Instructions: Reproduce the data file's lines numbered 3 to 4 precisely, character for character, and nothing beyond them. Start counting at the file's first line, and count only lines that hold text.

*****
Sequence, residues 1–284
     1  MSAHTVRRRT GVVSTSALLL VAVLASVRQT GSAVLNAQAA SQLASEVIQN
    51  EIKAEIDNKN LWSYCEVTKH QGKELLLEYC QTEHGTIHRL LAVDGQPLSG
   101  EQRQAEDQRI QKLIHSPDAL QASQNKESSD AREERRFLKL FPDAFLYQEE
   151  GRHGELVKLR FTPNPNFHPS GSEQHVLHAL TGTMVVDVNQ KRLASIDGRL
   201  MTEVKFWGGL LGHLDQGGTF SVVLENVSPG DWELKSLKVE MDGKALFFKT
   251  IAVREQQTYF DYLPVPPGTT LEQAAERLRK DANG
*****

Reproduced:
    51  EIKAEIDNKN LWSYCEVTKH QGKELLLEYC QTEHGTIHRL LAVDGQPLSG
   101  EQRQAEDQRI QKLIHSPDAL QASQNKESSD AREERRFLKL FPDAFLYQEE